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"It's not like we can go to clubs or bars to meet people in our community, because there's a reputation to uphold and there's a stigma attached to going out and meeting people."That stigma, prevalent in many immigrant communities, also applies to meeting people online, which is generally viewed by some as desperate.But as more people sign up for these apps, that notion is being challenged, says Muzmatch CEO and founder Shahzad Younas."There is an element of taboo still, but it's going," Younas says.Samira is in her late 20s and a singles event regular. She’s been to three of them in the last five years. “Obviously we don’t have bars to go out and meet Muslim guys, and I like that this is more organized because the people here are only here to get married, and not just have a good time.” At her table, there are three other women and four men – an uncommon sight at most Muslim gatherings where the sexes sit separately. There’s a piece of paper on the table that has 10 questions on it. At one table a man answers the question: “the last thing I read was..article about the pope controversy, a textbook because I’m doing my M. H., Steve Jobs’ biography.” As I roam the tables, I realize the questions are indeed serving their purpose. Laughs, and a warm buzz of intimacy build in the room.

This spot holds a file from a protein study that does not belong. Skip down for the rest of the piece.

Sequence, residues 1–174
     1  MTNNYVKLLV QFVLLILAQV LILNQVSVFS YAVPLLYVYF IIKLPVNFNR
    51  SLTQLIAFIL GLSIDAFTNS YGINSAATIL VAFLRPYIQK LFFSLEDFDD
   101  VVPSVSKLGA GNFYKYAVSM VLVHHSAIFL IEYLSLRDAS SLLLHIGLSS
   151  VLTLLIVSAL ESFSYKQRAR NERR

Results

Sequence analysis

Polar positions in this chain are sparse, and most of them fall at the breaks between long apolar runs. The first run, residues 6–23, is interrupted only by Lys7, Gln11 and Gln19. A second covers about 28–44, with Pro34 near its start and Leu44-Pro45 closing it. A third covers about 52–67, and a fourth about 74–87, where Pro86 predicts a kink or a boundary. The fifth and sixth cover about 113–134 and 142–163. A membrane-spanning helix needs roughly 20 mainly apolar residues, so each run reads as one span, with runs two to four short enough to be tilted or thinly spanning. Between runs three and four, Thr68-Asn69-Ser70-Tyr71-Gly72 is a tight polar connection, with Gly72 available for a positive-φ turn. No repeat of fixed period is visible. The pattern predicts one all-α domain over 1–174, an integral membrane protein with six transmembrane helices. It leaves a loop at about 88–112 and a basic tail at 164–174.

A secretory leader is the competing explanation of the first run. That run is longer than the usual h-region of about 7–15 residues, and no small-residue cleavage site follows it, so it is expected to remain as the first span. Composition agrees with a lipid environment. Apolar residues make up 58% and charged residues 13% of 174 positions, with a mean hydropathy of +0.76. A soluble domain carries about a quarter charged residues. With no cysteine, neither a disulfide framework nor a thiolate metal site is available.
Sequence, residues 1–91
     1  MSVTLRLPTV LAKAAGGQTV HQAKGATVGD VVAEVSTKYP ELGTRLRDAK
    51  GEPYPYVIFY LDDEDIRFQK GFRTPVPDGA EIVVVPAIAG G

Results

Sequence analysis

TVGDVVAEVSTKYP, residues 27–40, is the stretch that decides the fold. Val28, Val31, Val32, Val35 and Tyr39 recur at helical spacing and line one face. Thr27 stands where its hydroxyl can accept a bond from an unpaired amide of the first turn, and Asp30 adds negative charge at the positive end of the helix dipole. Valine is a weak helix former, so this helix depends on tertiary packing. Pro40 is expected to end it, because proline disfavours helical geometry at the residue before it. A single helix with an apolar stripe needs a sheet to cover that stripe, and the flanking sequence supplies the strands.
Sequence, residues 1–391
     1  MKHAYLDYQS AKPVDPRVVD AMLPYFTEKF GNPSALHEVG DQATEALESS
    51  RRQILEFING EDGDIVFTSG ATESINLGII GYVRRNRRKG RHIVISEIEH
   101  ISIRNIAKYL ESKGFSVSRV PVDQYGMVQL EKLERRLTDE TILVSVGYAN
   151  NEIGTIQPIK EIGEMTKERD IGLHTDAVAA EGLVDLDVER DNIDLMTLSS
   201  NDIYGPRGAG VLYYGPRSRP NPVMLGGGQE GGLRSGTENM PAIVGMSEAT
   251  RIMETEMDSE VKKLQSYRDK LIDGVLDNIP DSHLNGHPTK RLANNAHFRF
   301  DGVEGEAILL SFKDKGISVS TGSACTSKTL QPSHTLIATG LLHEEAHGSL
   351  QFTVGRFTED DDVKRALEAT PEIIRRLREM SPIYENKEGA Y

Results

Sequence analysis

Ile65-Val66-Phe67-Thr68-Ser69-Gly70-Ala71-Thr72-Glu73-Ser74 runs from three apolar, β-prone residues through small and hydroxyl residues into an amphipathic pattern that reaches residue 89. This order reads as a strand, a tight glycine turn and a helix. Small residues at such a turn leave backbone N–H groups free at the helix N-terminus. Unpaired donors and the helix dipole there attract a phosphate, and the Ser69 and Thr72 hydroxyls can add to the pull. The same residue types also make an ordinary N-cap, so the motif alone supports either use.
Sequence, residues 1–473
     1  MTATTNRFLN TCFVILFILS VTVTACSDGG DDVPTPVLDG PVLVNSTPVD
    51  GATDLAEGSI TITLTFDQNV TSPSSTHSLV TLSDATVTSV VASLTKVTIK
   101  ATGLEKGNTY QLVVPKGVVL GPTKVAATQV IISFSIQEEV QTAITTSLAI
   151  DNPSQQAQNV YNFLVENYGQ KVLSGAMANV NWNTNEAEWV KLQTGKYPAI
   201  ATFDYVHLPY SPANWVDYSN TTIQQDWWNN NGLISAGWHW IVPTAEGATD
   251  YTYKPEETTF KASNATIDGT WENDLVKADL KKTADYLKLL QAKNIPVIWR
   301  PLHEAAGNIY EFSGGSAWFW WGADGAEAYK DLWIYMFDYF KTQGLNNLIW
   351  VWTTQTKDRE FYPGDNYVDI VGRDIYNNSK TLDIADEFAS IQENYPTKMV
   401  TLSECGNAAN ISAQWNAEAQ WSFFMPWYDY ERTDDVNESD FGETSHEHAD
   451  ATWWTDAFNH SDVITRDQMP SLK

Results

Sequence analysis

It’s a Saturday afternoon, and about 80 young men and women, sharply dressed, fill a room decorated with purple decor, red roses, and scented candles.There are, of course, similarities between Muslim and mainstream dating apps like Tinder, Ok Cupid and Match.All have their fair share of quirky bios, pictures of guys in muscle shirts and awkward conversations about what we do for a living. Minder is a real thing, an app Muslims use to browse local singles, much like Tinder.They don't get why you cover your hair or why you don't eat during Ramadan, the holy month of fasting. I've been asked countless times if we get hitched solely through arranged marriages.